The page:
It’s been some years since I have had braids in my hair, so when I decided to use braids as my method of transition, I was excited. I always saw the glamorous Instagram posts of women rocking their box braids or feed in braids, not to mention it is one of the easiest and quickest ways to transition to your natural hair.
The Hair Store
Walking into the hair store and seeing all of the various packs and kinds of hair was certainly an intimidating experience. Each store carried something different. The stylist that was braiding my hair advised me to get 100% kanekalon hair, which I learned during the braiding that you loose half of the pack.
I knew I wanted to put a color in my braids. In addition to my off black (1B) hair color, I wanted something that would really bring out my skin tone and a color that would really pop for the spring. I decided on auburn, which is similar to a shiny copper and really complimented my skin.
I had an appointment set for 9 a.m. While I knew braiding was a lengthy process, I was not expecting it to last as long as it did. I had a steady stylist for six years, who unfortunately got hurt and could no longer do hair, so this time I was visiting a new stylist. Walking inside and being greeted by the peach-colored walls and natural light shining through the gigantic glass window was comforting.
I brought my Carol’s Daughter hair products for the wash and dry, but ended up not using them. Turns out, not all products made by us are actually for us – I’ll be writing a blog post on hair products as well so keep your eyes peeled for that.
After my wash and set, I snuggled comfortably into the leather chair with a good book. My stylist told me that she had another client coming at 4 p.m., and I was scheduled to be at work at 6 p.m. so I figured things wouldn’t last that long. Boy was I wrong.
The Rubber Bands
My stylist used the rubber band method to start my braids. Even though I hadn’t had my hair braided since middle school, this method was foreign to me. But I figured, Hey, she knows the best way to go about things, right? The rubber band method is when the stylist sections your hair off into triangles and/or boxes, and puts the portion of your natural hair to be intertwined with the braids in a rubber band.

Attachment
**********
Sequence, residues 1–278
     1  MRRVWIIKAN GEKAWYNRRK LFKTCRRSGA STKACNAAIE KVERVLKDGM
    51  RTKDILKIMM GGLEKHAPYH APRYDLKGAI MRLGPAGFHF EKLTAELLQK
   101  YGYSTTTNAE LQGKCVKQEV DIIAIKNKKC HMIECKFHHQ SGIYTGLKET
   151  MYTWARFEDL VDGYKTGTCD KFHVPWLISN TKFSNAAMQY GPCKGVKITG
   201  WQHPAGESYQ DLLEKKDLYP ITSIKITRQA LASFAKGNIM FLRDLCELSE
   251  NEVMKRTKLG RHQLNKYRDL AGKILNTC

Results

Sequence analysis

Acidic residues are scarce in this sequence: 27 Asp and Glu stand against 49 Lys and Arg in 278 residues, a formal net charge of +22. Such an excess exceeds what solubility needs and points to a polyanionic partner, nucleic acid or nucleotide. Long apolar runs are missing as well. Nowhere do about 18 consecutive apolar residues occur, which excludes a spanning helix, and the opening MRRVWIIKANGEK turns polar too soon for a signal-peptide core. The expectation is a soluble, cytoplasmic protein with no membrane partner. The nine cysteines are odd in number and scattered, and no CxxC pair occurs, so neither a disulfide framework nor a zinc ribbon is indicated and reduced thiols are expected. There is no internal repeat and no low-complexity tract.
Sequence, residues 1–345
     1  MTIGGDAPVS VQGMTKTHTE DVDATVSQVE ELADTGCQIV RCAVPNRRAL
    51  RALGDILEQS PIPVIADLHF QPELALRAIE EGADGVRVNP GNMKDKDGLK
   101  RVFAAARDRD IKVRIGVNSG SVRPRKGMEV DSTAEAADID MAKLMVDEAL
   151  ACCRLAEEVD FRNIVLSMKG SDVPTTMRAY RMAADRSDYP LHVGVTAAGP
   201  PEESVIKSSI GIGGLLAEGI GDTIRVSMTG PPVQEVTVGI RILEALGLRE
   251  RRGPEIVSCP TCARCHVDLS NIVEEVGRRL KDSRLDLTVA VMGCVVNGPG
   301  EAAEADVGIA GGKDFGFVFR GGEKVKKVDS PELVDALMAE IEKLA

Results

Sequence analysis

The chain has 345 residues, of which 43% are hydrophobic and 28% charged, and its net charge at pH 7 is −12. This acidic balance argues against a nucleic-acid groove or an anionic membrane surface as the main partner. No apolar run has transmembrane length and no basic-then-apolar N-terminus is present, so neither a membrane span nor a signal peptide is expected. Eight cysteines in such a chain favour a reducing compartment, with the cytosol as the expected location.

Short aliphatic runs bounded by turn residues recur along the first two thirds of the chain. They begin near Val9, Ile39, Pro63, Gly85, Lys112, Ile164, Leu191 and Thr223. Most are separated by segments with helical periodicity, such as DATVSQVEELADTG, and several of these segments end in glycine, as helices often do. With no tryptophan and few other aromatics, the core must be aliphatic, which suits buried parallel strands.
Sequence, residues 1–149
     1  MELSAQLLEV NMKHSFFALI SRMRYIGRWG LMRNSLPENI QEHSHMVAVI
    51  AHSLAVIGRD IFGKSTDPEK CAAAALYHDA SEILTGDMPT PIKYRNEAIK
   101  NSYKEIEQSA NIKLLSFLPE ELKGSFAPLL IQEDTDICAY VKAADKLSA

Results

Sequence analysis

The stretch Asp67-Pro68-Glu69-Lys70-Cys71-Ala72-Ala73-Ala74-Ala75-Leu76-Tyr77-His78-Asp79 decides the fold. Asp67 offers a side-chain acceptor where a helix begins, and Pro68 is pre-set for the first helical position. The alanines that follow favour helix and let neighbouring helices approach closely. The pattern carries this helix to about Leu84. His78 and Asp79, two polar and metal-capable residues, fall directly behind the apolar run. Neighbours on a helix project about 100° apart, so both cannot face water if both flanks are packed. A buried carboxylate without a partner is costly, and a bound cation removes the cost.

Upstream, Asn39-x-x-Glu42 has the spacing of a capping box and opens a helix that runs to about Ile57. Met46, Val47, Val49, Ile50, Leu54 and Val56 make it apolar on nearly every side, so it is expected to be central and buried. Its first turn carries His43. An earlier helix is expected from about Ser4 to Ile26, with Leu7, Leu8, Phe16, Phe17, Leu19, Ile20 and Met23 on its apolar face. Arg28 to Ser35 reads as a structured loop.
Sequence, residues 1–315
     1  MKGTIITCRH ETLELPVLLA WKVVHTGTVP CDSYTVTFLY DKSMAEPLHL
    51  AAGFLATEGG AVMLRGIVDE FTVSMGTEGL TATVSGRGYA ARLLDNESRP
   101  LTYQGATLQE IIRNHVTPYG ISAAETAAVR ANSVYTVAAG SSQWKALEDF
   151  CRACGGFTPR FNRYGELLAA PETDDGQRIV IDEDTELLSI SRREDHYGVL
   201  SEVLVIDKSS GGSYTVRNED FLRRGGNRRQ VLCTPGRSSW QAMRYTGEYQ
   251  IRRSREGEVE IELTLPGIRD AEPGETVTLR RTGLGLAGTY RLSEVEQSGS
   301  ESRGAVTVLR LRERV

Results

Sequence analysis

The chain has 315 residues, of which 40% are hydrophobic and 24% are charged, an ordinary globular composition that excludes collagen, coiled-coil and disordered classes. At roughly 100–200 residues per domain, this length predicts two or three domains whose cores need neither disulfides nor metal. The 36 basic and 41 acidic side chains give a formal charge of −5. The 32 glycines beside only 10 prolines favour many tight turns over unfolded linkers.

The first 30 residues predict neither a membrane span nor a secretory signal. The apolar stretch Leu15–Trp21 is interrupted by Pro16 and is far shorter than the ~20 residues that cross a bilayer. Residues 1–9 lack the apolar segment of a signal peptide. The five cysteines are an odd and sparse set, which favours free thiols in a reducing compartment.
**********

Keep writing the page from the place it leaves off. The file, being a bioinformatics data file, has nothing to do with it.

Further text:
I personally did not like this method. The tightness of the rubber band caused a lot of tension on my head, and though I asked her to loosen it as much as possible and she did, it was ultimately an extremely painful and time consuming process. I would say that the rubber bands took an hour alone, including the periodic breaks my stylist would take.
After the rubber bands, my stylist started to braid. It was then, as she started separating the hair and brushing it, that I learned that you loose half the pack when using kanekalon hair. I got jumbo box braids, which I also learned that using an additional color can add to the weight of the braid.
I didn’t leave the hair salon until 7 p.m.
When going to get my hair done, I always try to prep for extra time needed. However, nothing really prepared me for this particular experience. As I mentioned earlier, the periodic breaks ate up a lot of time – and they weren’t rest breaks either. They were her consistently checking her phone, speaking to other clients, purchasing from vendors who came into the store. At around 2 p.m. I asked if we would be finished by 4, because I had to be at work at 6. She said yes. At around 4 p.m., we ran out of hair and I had to leave the salon and buy more. When I returned, the stylist had stepped out to purchase food. At 5 p.m., I only had about six braids in my hair, and it became clear that I was not going to be able to make it to work, which resulted in me calling out.
I don’t mind periodic rest breaks, especially when it comes to braids, but I felt like the behavior was certainly unprofessional.
Aware that I was frustrated and annoyed, my stylist did her best to finish quickly, which in turn ended up being a rushed job. The ends were not finished, and she burned the braids in a rush to complete the job and get me out of the salon. While I appreciated the fact that she was aware of her misconduct, it did little to pacify me.
All Tied Up
All in all, my braiding experience was one of a kind. I certainly learned a lot about synthetic hair, my natural hair, and the journey that is transitioning. While my experience with my stylist wasn’t the best, I still enjoyed the hairstyle and made the best with what I had.
The weight of the braids was overwhelming at first – I could barely lift my head. My first thought was How am I going to get home on the train?, however I made it. Sleeping was really difficult as my head was extremely sore, about after three days, the soreness went away and I was able to better adjust.
This experience also inspired another blog post, on what to look for when finding a new hairstylist. I’m certainly excited to share my experiences, so make sure you’re subscribed so you can read it as soon as I post it.
As always, thanks for reading and stay tuned for the next steps in my journey! Comment below some of your favorite braiding styles!